Friday, October 05, 2007

Corking News.


I've had two bottles of corked wine in Korea. Both from Burgundy interestingly enough. Is that interesting? Yeah, course it is. The first bottle was about 8 months ago from Les Vins Maeils at Jamsil and I bottled it in terms of dealing with the issue. I should have returned it and explained the situation but my lack of Korean meant this was a terrifying concept. So I just did myself out of about 30,000won and poured it down the sink.

The most recent bottle was a Louis Latour(excellent negociant and producer of Burgundy) Chardonnay from the new Homeplus/Tesco at Jamsil. I was hoping for a lightly oaked, simple white Burgundy at a not unreasonable 24,000w. It smelled of mouldy clothes(more of which later). However, on my first visit to the store I had the good fortune to meet with one of the marketing managers of Tesco who was taking a hands on role in the wine club. We talked for a little while and exchanged details, hopefully leading to some sort of wine club for foreigners in the future, we will see. This meant I had an excellent source of information on a company's policy towards corked wine. So I emailed. The good news is that Tesco policy appears to be that they will happily exchange a bottle of corked wine. I say appears to be as until my complaint there had been no instances of this happening.

In my previous life in the wine industry our policy was to exchange corked wines with no questions asked and I think this is the only sensible policy to adopt. Something faulty has been sold and the customer is perfectly within their rights for a new bottle. However this policy only applied to bottles under 20 pounds. Fine wines were sold as seen and there was no guarantee of how they had been kept before they made it to our store. Given the price of wines in Korea this raises a few problems, going over 40,000 won a bottle is really not hard to do and so the cost of corked wines to the retailer is exponentially higher. With corked bottles running up to an estimated 15% there is the potential for some hefty losses.

This is something that will only come with more education fortunately(for the retailers). I am pretty sure that the majority of corked wines are drunk, even in more established markets, with people putting it down to an unpleasant bottle of wine. Without knowing what you are looking for it is very easy to assume that it is you who has made the mistake in your initial purchase. I will say this, generally, if a wine doesn't smell good then there is a fault with it. Trust your nose. I equate the smell with clothes that have been left damp for too long. That musty, lingering smell that can be quite subtle but once detected leaves an insidious stain on your nostrils that can haunt you through the day. In a wine I tend to find my initial reaction is something is not right followed by a detection of the cork taint followed by an inability to smell anything but the damp nastiness. Sorry, smell is a bit subjective and I can't describe it better.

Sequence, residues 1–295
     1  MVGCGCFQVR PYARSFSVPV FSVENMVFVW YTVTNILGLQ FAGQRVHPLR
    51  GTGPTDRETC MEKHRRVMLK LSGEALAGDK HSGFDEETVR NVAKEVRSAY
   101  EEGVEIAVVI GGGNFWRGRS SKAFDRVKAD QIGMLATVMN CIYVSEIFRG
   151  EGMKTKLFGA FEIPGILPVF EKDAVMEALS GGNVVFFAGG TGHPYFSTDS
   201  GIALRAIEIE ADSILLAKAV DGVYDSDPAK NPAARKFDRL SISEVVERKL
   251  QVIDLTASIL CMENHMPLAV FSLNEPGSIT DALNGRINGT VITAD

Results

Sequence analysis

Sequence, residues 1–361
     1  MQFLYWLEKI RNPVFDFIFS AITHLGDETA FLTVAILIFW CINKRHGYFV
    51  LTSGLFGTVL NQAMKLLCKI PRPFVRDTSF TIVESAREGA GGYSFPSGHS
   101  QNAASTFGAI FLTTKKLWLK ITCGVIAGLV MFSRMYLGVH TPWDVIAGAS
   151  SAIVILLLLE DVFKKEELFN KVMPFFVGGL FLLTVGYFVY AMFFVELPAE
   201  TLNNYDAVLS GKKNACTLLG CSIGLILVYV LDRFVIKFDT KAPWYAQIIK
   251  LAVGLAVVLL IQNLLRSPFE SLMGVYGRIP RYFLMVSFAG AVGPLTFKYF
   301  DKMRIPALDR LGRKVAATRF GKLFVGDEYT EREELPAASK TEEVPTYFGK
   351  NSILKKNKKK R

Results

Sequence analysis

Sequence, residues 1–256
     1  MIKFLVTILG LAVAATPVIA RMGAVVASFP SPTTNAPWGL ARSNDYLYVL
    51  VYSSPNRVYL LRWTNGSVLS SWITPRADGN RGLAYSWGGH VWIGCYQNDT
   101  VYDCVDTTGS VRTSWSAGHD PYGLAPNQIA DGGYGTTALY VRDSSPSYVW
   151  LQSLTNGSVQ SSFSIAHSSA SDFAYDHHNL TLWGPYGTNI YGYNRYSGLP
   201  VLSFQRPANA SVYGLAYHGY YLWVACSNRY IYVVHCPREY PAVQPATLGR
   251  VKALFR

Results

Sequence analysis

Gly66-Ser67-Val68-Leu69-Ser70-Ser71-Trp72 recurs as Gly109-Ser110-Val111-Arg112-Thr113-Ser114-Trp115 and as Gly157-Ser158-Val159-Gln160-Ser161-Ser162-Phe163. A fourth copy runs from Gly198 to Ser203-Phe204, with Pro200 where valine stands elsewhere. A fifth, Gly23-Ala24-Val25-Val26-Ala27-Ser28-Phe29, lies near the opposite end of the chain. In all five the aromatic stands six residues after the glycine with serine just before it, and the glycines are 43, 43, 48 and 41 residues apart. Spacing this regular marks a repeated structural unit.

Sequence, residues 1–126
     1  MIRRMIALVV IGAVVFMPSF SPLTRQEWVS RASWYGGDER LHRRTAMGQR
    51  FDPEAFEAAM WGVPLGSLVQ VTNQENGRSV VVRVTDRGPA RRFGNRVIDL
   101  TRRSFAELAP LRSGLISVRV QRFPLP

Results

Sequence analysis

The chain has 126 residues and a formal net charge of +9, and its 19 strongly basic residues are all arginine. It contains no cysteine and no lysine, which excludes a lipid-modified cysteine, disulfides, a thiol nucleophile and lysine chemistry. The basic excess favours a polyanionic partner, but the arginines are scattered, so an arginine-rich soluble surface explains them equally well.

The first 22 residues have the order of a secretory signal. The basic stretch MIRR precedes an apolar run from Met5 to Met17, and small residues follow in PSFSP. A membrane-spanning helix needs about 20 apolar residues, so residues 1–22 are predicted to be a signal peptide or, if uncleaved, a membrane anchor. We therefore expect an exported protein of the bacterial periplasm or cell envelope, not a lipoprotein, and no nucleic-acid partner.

Having the confidence to return a bottle of spoiled wine is actually quite liberating. You are trusting your ability to detect problems and taking it back to the experts and leaving them with the decision of how to deal with it. If you are only spending a couple of pounds, euros or dollars however then the bad smell might well be the wine itself. Trade up!

2 comments:

Big Bliss said...

"Having the confidence to return a bottle of spoiled wine is actually quite liberating".....or is it?

I speak as one of the exclusive number who is allowed to return a pint in my local gin palace without fear of being barred/harangued/subjected to violence.

This honour, it transpires, is bestowed due to my many years of excessive imbibing leading mine host to conclude that I surely must be able to spot a bad one. Not so much liberating, as rather a damning indictement of my leisure activities

Anonymous said...

I just have one question.Why every Wine that is spoiled is due to the Cork? It is not correct to say "it is corked". The Wine has its faults and several chemical reactions can happen in the Bottle.
I believe that it is time to give a name to spoiled Wines and stop sayng "it is corked". Pls don't forget that the cork absorves all the smells, so if the wine is spoiled, mouldy, that will go to the Cork. Several wines with Screwcaps are nowadays corked...